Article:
pain

Hello, My Name Is 70 Kilos Of Human Flesh

Photo by  Jack Soilleux

Photo by Jack Soilleux

All my conscious life I’ve been living with a thought I am fat.

I remember the first time I heard this accusation from a peer in the kindergarten when we were about 4 or 5, I thought: “How did he find out I am fat?”. Until now I am trying to find an answer to the same question and it seems I will never get one.

How do people find out you are fat? What is this scary digit, this hidden sign, this thin line of gloom and grandeur to overstep and be considered as fat?

After a several-minute inner struggle between facebookianism and the body negative complex, I posted a photo of mine to see how it will be digested by my social circle. “I look fat. But confident. But fat,” rushed through my mind while I was updating my profile picture. A notifying avalanche of likes, flattering comments and heart-eyed PM’d emoticons made me beam with a shy Cheshire cat smile. The sun seemed to shine brighter, the deadlines further, the life more romantic.

And then my younger brother (who is straightforward and would better leave me in tears than feed me with sweet lies) wrote me a short message: “Hey, I am sorry for saying that, but I am just being honest. You look fat on that picture. You don’t look fat in real life, but there you do. You better delete it.” Babaaam. With shivers down my spine, bittersweet aftertaste, and winter coming, I actually didn’t get upset because he said that in my face without hesitation, no. I got upset because I asked myself the same question: “How did he find out I am fat?” Who has ever developed this sense of fatification in him? Who told him what is fat and what is not? Who introduced him to the concept of body shaming at all? And the answer was right there: I did.

Maria Bradley by Aitken Jolly in Circus Humanus - Fall 2012

Maria Bradley by Aitken Jolly in Circus Humanus – Fall 2012fat w

Since early school years I remember myself balancing between being a cheerful easy going person (who has luckily never faded away) and realizing that my “fatness” actually causes some obstacles for that. From silly nursery rhymes and blatantly offensive bullying to rejections from guys and me seeing the difference in pictures standing next to skinny girlfriends, it all ended up the same way: me trying to prevent my parents from interfering (there is nothing more dangerous in this world than the mother of a humiliated child), crying hard, and giving myself countless promises that I will change it.

Just following the story of an ugly duckling, as a result of puberty, self-reflection, and supportive peeps, I lost some kilos and gained some confidence. For the past 5 years I have been enjoying what they call “the prime time of your life” (which I admit so far) with all its ups and mids and downs, but every now and then I found myself trying to exhaust my body with frantic gym sessions, do-you-even-call-it-eating diets, and resolutions to start a new, much healthier life “tomorrow”. Because a squeaky voice inside was telling me I was fat and my life could be better if I wasn’t.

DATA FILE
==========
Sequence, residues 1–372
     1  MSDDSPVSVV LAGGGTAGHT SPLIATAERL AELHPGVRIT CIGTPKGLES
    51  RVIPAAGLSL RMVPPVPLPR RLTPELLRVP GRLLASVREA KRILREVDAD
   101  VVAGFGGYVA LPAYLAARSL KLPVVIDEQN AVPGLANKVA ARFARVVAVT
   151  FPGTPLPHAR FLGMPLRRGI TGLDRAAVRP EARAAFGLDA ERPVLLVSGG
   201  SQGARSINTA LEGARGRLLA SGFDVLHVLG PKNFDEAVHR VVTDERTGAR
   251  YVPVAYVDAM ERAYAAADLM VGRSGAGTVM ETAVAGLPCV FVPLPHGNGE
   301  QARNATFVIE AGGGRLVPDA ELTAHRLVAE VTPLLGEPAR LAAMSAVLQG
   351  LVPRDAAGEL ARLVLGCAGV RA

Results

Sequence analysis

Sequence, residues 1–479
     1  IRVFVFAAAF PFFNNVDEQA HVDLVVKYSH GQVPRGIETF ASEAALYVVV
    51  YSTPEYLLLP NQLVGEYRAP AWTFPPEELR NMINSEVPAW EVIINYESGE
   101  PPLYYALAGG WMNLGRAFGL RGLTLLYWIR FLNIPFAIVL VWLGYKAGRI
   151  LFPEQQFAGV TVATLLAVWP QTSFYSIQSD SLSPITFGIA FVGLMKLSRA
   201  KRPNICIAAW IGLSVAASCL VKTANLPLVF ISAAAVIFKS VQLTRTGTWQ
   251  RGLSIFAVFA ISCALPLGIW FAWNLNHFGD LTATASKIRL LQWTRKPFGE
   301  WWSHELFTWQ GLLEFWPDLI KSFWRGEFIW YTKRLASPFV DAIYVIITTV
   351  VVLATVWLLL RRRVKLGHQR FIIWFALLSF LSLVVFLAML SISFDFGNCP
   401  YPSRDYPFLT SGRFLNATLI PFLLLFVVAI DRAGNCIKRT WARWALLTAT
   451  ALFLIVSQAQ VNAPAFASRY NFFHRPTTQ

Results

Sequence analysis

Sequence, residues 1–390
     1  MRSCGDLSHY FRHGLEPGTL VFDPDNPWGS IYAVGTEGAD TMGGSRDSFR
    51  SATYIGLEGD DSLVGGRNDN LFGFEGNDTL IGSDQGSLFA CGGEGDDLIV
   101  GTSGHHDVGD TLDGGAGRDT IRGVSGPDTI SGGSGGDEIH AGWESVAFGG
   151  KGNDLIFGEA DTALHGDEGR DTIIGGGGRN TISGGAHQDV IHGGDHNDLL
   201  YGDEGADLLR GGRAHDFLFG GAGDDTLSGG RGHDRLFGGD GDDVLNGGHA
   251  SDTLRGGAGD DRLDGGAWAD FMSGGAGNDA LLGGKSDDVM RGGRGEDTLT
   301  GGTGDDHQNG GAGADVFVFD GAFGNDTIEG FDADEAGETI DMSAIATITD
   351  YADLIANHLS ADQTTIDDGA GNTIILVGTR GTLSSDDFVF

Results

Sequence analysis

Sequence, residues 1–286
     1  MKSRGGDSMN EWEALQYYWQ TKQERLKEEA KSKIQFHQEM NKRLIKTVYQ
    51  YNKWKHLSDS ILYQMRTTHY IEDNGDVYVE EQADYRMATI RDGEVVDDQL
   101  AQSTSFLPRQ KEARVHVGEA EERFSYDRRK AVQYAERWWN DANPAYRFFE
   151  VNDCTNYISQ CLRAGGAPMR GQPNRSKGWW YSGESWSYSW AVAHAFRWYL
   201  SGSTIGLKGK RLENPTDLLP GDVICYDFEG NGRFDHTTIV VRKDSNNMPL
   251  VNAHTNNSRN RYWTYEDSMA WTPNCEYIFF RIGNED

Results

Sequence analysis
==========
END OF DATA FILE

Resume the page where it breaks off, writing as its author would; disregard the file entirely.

And now my brother made me think. It was actually me complaining all the time that I am fat. It was me inspecting myself in front of the mirror coercing to detest what I saw. It was me eating chocolate, swearing, and still reaching for another bar. It was me denying compliments on my look. It was me telling I hate my belly. It was me reposting all those sarcastic demotivating body-weight posts. It was me praising slimmer girls, online and in real life. It was me asking my brother if I look fat and then rolling eyes in disbelief when he said I didn’t.

This voice inside me was not an annoying skinny friend who keeps complaining she is fat; it was not a mass admiration of Cara Delevingne; neither was it a social media group “40 kilos” who sowed the seed of self-doubt, lack of confidence, and body shaming – it was me who let it get to me.

It was me trivially dreaming of 90-60-90 proportions. It was me ascribing ones success to their divine forms. It was me judgmentally giggling at someone chubby entering McDonald’s. It was me breaking after seeing +2 kg on the scale as if it was the end of the world. It was me denying sincere compliments. It was me rejecting myself. It was me. It still is me.

It took me an entire life (well yeah, you may laugh at my early 20s wisdom) to realize that appearance should not be defined by likes, dear-fat-people videos, or an opinion differing from more common ones. Inferiority complex should not be developed by clothing sizes and dubious “your mom’s so fat” memes. You are not any less of an attractive person because you have more fat/curves/whatever-you-call-it than someone thinks you should have. All body types fitness studio, plus size model, and post-pregnancy talks should not be perceived as a statement, an act of courage, or an achievement because you don’t have to proclaim and fight for your right to be and like yourself the way you are. I am pretty sure I am not the only hearing that voice inside. Or not standing beachwear. Or knowing thousand and one poses to hide your belly/hips/arms. Or passing by crop tops and minis to the sound of a breaking heart.

This post doesn’t encourage anyone to celebrate obesity, give up going to the gym, or dislike slimmer people, no. This post is another attempt to let your inner self relax and stop being so critical. Yes, you are more than encouraged to make your sweet tooth tame, sweat on a treadmill, and fall in love with broccoli, but do so to grow in your own eyes, and not to feel like a haunted dog. Give yourself some love, because if you don’t do, no one else will. Pinch your side stomach skin, set your own inner frightened Amy Schumer free, and post that damn picture on your timeline.

Submitted to ArtParasites by Yulia Kryval